Alumni Spotlight

How Tamyra Became a UI/UX Designer with Flatiron School

Jess Feldman

Written By Jess Feldman

Liz Eggleston

Edited By Liz Eggleston

Last updated on November 6, 2023

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During the height of the pandemic, Tamyra Yancey was laid off from her job at a hospital. She took it as a blessing in disguise, as it allowed her the time and energy to attend the Part-Time Online UX/UI Design* bootcamp from Flatiron School. Find out how she balanced parenting with the program, how the career support she received that was crucial to starting her new career, and how an internship turned into a full-time UX Design role at Novetta (part of Accenture)!

*UX/UI Design course is no longer available. For prospective students interested in this course of study, visit the Product Design course page to learn more!

How did product design come on your radar in 2020?

I went to school for psychology and then worked as a professional chef in the hospitality industry for a long time. When I had kids I realized that that wasn't a sustainable type of industry to be in if I ever wanted to see them. I pivoted to banking for a while then the market collapsed and they laid off everyone. Then I was self-employed for a little bit, doing graphic design and ecommerce work. I decided that I didn't want to be self-employed anymore and started looking for something completely different than I ever did before. 

I started working at a hospital as a medical assistant and quickly found out that the job was not for me. Still, I kept showing up during the pandemic and then found out that everyone on my floor was laid off. This ended up being a blessing because I’d just enrolled at Flatiron School and wasn’t sure how I was going to balance working full-time with two kids and going to school. 

Did you consider a coding career before deciding to go the design route?

I tried coding on my own and it was not for me! Developers and designers think differently — I'm more of a visual thinker and more attracted to the UX side of things. I Googled Flatiron School and watched some YouTube videos about students’ experiences with Flatiron and I was sold!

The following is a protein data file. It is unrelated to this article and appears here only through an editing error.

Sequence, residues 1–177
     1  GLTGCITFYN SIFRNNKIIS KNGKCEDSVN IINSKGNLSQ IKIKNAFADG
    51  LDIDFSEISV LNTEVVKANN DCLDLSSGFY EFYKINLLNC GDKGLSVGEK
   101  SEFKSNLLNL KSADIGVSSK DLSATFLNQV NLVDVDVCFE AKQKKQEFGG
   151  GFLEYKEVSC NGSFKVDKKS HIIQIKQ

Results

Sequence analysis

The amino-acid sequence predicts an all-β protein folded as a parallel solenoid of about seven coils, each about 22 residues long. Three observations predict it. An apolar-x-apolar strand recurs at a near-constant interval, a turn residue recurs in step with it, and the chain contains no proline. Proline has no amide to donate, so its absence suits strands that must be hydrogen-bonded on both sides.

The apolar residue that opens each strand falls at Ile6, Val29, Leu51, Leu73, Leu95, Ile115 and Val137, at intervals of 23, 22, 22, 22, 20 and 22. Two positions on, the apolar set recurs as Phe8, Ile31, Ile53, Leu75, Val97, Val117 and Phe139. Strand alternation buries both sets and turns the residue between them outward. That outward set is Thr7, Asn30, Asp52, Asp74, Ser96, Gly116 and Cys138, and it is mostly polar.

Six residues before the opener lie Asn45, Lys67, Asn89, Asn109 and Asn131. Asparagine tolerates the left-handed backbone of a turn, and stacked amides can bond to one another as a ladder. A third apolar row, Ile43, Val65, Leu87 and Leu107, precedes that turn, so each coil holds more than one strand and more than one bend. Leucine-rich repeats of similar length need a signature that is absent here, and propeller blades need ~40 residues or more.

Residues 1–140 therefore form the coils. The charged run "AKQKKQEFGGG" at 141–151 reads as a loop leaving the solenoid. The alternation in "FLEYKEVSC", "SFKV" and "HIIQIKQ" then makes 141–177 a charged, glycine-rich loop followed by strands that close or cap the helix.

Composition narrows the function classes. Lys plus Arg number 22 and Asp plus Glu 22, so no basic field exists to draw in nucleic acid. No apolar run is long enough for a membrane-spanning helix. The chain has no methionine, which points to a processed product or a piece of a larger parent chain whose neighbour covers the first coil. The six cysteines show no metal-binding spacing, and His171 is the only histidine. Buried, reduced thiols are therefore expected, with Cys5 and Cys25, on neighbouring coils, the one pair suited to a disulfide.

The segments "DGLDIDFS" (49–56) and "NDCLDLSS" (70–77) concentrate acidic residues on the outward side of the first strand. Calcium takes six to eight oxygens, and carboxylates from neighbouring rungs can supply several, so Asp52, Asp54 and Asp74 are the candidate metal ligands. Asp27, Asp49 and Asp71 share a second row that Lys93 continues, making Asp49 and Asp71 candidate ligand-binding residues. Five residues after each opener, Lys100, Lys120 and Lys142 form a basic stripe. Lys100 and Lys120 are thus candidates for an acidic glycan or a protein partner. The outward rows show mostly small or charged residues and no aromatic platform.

In your experience, did you feel like you had to know basic design tools or concepts in order to apply to Flatiron School?

No, I didn’t need to know anything about design to get into the Part-Time Online UX/UI Design bootcamp. The majority of people in my cohort had completely different backgrounds. Some of them hadn’t done anything even remotely close to creative work but were looking to try something new. 

What was a typical week like in the online UX/UI Product Design bootcamp? 

It was intense. I was taking the part-time course, but the workload was not part-time for me! It was a lot of work — a lot of material to read through and projects to do. I remember staying up until 1am sometimes, but that's also because I'm a perfectionist, so sleep just wouldn’t come to me until I was done. 

During the week, we had time to ourselves to work on things. We also worked in groups, and there were live lectures where we could ask questions and go over the material with the instructor. 

What exactly did you learn in the Part-Time Online UX/UI Design?

I learned how to use Sketch and Figma. I also learned how to use different types of software, how to work my way around AdobeSuite, and how to approach problems using design thinking. Once I got on the job, I was able to apply theory to practice, although I don’t use Sketch currently. 

What is your advice to future bootcampers who are parents on how to balance parenting and the bootcamp?